Recent spectroscopic observations of the outer halo globular cluster (GC) NGC 2419 show that it is unique among GCs, in terms of chemical abundance patterns, and some suggest that it was originated in the nucleus of a dwarf galaxy. Here we show, from the Subaru narrowband photometry employing a calcium filter, that the red giant branch (RGB) of this GC is split into two distinct subpopulations. Comparison with spectroscopy has confirmed that the redder RGB stars in the hk[=(Ca-b) - (b - y)] index are enhanced in [Ca/H] by ∼0.2 dex compared to the bluer RGB stars. Our population model further indicates that the calcium-rich second generation stars are also enhanced in helium abundance by a large amount (ΔY = 0.19). Our photometry, together with the results for other massive GCs (e.g., ω Cen, M22, and NGC 1851), suggests that the discrete distribution of RGB stars in the hk index might be a universal characteristic of this growing group of peculiar GCs. The planned narrowband calcium ...
Up until now, though, that hasnt been a terribly urgent goal; the time-scale of galactic events is immense, usually so long that the average scientist quickly gives up on the idea of seeing the universes most dramatic displays within their lifetime. That attitude may change with respect to galactic supernovae now, thanks to this teams finding that the Milky Way is virtually certain to host a supernova within the next 50 years. Given those sorts of odds, the team argues, it would be silly not to start investing right away.. Though it is nearby within the context of the entire universe, even a galactic supernova is happening very, very far away; the probability of a supernova strong and close enough to be visible to the naked eye is closer to 1 in 5. The chance of a sky-brightening event that outshines all other objects in the sky, something like the incredible event observed by Kepler in 1604, is more like 1 in 20.. This sort of work can be difficult to justify to funding boards since it could ...
Considering all that was accomplished in the field of physics last year, it is exciting to think about what the new year will bring. If the Event Horizon Telescope actually allows for images of the black hole at the center of our universe, it will significantly impact scientists and the general public. Physicists doing related work may be able to more accurately predict the volume and mass of the black hole, or how long it will be before our solar system gets devoured. For the general public, specifically those who often question the authenticity of science for religious reasons or other causes, a tangible image of a black hole could give them hard evidence that black holes are in fact real, or even merely more appreciation for what scientists do. It is impossible to predict exactly what might get uncovered about the universe in the future or what effect it will bear, especially on a galactic level, but the more we understand, the more questions we have yet to answer ...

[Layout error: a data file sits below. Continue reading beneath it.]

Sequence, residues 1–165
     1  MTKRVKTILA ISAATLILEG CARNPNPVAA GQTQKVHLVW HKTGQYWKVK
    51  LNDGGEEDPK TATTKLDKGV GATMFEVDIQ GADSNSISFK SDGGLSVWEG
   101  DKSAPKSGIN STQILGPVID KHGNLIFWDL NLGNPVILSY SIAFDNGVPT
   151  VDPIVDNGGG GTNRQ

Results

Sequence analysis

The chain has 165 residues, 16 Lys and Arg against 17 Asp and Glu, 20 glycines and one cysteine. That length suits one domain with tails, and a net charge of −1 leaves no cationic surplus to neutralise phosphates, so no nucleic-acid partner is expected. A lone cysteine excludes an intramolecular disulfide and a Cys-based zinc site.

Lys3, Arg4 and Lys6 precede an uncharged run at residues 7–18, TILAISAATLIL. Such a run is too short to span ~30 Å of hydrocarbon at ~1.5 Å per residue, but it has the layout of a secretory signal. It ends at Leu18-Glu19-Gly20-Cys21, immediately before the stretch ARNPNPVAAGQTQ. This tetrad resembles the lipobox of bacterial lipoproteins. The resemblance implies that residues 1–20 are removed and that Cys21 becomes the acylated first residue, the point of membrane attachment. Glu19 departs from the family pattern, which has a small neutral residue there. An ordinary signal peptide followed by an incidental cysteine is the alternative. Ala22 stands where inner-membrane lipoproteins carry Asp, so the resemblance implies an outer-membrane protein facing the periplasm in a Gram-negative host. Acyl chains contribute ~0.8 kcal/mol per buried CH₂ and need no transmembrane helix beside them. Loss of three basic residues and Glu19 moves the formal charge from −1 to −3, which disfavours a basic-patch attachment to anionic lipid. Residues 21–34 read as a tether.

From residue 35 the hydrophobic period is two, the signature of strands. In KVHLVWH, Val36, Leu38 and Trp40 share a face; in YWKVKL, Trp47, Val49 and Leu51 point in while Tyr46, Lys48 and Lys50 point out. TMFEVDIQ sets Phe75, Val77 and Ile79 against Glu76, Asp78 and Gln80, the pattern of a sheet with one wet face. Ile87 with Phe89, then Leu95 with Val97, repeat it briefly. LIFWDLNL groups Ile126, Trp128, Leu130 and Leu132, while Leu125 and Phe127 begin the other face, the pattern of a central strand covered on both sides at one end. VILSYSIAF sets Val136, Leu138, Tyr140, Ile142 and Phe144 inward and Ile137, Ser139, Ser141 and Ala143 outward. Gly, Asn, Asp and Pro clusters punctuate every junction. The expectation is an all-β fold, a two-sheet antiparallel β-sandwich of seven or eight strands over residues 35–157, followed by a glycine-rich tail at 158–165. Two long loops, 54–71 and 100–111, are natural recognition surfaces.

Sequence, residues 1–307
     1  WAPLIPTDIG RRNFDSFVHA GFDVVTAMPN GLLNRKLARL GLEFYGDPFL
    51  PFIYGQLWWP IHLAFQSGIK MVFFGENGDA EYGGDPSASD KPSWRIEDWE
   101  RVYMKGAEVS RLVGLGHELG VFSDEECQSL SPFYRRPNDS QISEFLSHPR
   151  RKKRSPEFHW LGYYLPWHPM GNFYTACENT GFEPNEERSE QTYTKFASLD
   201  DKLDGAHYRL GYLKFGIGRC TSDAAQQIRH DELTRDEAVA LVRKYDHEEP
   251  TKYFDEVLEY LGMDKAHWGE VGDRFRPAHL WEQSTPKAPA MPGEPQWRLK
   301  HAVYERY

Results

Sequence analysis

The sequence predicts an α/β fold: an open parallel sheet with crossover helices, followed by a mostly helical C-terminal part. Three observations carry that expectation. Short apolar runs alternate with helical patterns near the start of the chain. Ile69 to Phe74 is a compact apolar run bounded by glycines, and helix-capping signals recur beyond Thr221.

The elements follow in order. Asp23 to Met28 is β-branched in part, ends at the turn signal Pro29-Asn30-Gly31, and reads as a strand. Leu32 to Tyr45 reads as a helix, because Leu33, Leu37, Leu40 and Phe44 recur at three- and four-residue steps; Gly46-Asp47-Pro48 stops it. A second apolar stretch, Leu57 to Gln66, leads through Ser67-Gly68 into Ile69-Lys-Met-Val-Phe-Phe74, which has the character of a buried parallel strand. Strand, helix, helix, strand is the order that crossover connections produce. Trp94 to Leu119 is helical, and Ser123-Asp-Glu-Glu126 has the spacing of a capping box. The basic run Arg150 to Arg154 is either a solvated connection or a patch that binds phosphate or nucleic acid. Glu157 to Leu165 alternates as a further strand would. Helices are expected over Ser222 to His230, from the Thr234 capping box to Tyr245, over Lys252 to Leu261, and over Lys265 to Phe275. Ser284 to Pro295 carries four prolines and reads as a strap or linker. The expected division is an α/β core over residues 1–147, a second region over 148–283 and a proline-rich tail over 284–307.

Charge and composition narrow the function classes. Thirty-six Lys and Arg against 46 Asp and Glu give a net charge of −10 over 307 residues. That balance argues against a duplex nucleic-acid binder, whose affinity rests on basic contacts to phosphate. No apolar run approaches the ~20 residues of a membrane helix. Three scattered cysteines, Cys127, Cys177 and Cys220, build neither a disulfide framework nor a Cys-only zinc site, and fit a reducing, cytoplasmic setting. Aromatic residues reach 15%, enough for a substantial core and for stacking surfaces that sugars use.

A fleet of spacecraft including NASAs Hubble Space Telescope has uncovered unprecedented details in the surroundings of a supermassive black hole. Observations reveal huge bullets of gas being driven away from the gravitational monster and a corona of very hot gas hovering above the disk of matter that is falling into the black hole.. A team led by Jelle Kaastra of SRON Netherlands Institute for Space Research made use of data from ESAs XMM-Newton and INTEGRAL spacecraft (which study X-rays and gamma rays, respectively), the Hubble Space Telescope (for ultraviolet observations with the COS instrument), and NASAs Chandra (X-ray) Observatory and Swift (gamma-ray) satellites.. The black hole that the team chose to study lies at the heart of the galaxy Markarian 509 (Mrk 509), 500 million light-years away. This black hole is colossal, containing 300 million times the mass of the Sun, and is growing more massive every day as it continues to feed on surrounding matter, which glows brightly as it ...
A faint star in the Milky Way has been found to consist virtually only of hydrogen and helium. It has the lowest abundance of heavier elements ever observed, 20 times less than the previous record-holding star. This result is based on observations with the VLT telescope at the ESO Paranal Observatory. The discovery opens a new window towards the early times when the Milky Way galaxy was young, possibly still in the stage of formation.